Octo Observations: Counting Blessings

Thanksgiving time is here again. Each year we older folks grow increasingly aware of our manifold blessings. We cherish each good day, and we ache for those in our lives who have been victims of traumatic events such as losing loved ones or the decline of their own good health.  Our appreciation for a healthy body, mind and life accelerates daily. I know that my priorities have shifted dramatically in the last eighteen months since we downsized and moved.

Today, however, it is impossible not to empathize with those countless tragic victims in California who have lost their lives or their homes to the most vicious, senseless fires in history. The shear horror of this reality defies comprehension. Yet, miraculously reports abound of remarkable courage revealed by valiant firefighters with neighbors helping neighbors. These folks are struggling with inconceivable loss yet they are grateful to be alive.  Imagine the connotation of Thanksgiving this year for them.  Counting blessings will take on a profoundly new meaning.

To a far less dramatic degree, however, living in a retirement community accentuates the fragility of one’s well-being. Just last week when my husband went to the “Big House” to pick up our dinner, he encountered one of his favorite, long time golf buddies who suddenly fell. Help was immediate, and with assistance John’s friend was taken to his cottage at his own urging. This dear man is nearly 90, and his wife is in the dementia unit where he visits her each and every day. John and I, plus another  friend, stayed with Bob while the nurse checked him, called the ambulance and waited for Bob’s son to arrive. What impressed me was our friend’s innate feistiness, quick humor and determination that he would be “just fine.” His first words to his son were, “Now don’t tell your mom.” Not that she would realize what was happening, but to Bob his thoughts centered on NOT upsetting the love of his life for nearly 70 years.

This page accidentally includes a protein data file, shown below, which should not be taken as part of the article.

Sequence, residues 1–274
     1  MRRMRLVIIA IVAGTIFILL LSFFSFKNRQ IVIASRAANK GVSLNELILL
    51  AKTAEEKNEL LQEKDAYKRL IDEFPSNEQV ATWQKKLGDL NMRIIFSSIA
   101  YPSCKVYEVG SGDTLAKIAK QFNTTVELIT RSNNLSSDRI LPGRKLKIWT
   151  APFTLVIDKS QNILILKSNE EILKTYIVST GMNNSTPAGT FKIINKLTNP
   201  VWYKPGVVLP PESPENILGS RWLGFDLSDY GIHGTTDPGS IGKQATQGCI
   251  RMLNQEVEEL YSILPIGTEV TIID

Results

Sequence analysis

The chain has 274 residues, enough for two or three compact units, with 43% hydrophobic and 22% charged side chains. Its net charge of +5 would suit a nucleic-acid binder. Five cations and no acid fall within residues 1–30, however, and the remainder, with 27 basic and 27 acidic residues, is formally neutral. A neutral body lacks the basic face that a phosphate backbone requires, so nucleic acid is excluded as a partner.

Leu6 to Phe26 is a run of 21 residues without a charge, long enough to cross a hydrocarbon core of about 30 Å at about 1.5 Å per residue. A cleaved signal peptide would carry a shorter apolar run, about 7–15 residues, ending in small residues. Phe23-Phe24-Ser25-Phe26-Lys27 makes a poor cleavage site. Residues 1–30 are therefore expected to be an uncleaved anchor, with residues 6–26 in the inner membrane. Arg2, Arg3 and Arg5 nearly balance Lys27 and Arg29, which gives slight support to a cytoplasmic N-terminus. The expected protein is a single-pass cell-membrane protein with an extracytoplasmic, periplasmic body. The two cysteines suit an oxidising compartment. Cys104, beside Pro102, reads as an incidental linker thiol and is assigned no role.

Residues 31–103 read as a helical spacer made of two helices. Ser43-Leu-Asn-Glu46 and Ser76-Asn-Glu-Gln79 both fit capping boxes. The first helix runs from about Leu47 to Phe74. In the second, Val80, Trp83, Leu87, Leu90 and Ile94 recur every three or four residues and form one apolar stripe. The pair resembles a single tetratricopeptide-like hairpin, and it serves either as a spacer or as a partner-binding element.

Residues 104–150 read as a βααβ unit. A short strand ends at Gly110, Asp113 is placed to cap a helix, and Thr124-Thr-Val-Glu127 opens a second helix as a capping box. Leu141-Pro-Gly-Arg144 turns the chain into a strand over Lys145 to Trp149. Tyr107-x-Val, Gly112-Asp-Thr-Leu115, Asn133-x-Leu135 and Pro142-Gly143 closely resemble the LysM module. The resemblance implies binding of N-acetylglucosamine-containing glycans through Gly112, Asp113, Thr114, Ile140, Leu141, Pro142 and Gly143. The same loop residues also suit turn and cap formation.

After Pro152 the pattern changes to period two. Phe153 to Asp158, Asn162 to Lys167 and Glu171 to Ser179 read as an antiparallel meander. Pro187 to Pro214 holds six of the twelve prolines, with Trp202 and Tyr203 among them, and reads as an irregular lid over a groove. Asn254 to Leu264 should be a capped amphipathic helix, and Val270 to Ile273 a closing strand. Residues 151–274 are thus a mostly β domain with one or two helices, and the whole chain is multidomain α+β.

Bob is back home, now, after two “miserable days in the hospital”, and wearing a heart monitor. The time is coming for him to move out of his cottage, but his independence means more to him than perhaps his own well-being. We see lots of people these days who hang on to normalcy with tenacity. We see those whose families say, “no more driving,” and we understand both sides of the story.  The other day my spry 89 year-old neighbor, a widow of several years, said to me, “I get so mad when my back hurts, because in my mind I feel able to do all the things I loved to do when I was younger.” I get that thought! How I admire the dear 91 year-old widow whom we drive to church with us most all Sundays. Eleanor is meticulously prompt, neat as a pin, fit as can be, gracious as the day is long, and thrilled to be able to go to worship service, to hear the incredible music in our sanctuary and to see friends. She can no longer drive, as her hearing is severely compromised, even with a Cochlear Implant. But she is intrepid. She never ever fails to look lovely and be the epitome of a gracious, proud person. How blessed we are to listen and learn from her as we travel to and from our church.